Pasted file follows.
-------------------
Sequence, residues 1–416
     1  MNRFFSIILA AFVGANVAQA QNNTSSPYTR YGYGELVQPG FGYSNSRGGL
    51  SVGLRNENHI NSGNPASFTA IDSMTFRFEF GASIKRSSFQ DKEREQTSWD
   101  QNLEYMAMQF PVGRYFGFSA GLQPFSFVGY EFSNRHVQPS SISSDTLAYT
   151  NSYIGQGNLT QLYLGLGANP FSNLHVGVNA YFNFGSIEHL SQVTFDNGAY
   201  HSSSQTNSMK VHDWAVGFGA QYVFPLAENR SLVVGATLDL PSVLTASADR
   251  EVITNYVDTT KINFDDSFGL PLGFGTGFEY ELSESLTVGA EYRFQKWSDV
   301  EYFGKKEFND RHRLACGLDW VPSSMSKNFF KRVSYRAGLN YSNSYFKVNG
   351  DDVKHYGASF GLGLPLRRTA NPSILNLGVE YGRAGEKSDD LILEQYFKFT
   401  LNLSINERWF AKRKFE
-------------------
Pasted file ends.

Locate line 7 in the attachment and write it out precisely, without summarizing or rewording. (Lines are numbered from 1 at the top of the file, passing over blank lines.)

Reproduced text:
   251  EVITNYVDTT KINFDDSFGL PLGFGTGFEY ELSESLTVGA EYRFQKWSDV